Speech by Dr Jean Bou at the  Launch of The Light Horse Exhibition: Australians in the Middle East 1916-18

Shrine of Remembrance, Melbourne, 27 October 2017

I would like to begin by thanking the Shrine for the opportunity to speak here today. Believe it or not it is the first time I have been to the Shrine – as a Queenslander and then a Canberran I can take some refuge in the fact that I have rarely had an opportunity to do so, and when I’ve been in Melbourne higher priorities have got in the way. So it is good to finally get here to see this impressive structure and its museum.

As someone who has written a fair bit on the Palestine Campaign I have been asked to say a few words about it to help launch this exhibition. As an ‘operational military historian’ I generally talk about the conduct of the campaign in one way or another, its strategic setting, or attempt an exposition on one or more battles to highlight something like what actually happened, or to outline its standing or consequences. Today, however, gives me an opportunity to talk about the campaign in a way that I have not done often. First I will talk a bit about the way the campaign is remembered, the sometimes dreaded ‘memory’, with which comes heartfelt commemoration, but frequently also a good deal of distortion and mythmaking. Second, I will talk a bit about the human experience of the campaign, which again is sometimes reduced to rather dreamy notions of horsemen dashing over the desert, having a fine old time – a kind of romantic alternative to the grimness of the Western Front.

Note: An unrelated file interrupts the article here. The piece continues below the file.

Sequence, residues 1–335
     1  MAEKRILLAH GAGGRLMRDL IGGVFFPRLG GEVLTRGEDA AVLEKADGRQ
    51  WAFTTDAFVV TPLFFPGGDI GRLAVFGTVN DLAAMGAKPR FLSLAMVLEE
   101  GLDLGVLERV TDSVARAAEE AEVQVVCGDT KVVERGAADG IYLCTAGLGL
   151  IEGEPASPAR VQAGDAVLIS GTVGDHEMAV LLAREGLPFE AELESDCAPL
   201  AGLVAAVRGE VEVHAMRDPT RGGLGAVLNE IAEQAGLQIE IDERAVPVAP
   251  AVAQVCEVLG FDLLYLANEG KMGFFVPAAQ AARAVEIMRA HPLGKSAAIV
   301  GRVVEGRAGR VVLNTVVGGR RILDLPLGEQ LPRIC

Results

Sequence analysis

I won’t insult your intelligence by banging on about supposedly forgotten history, except to observe that all history is more or less forgotten, and just because you or I have not heard of something doesn’t mean someone else has not – a point too often forgotten by some authors and their publishers when it comes to Australia’s war history.

 

That said it does seem fair to observe that when it comes to the Sinai and Palestine Campaigns of 1916–18 the event that stands out more than any other in the collective Australian memory is the charge at Beersheba on 31 October 1917. Indeed I could not but help note that the launching of this exhibition coincides with the anniversary to within a few days. I’m certainly not having a go at the Shrine for that, they are not alone in using Beersheba as a waypoint for dealing with the campaign in some way – a hook is a hook and it’s better than nothing.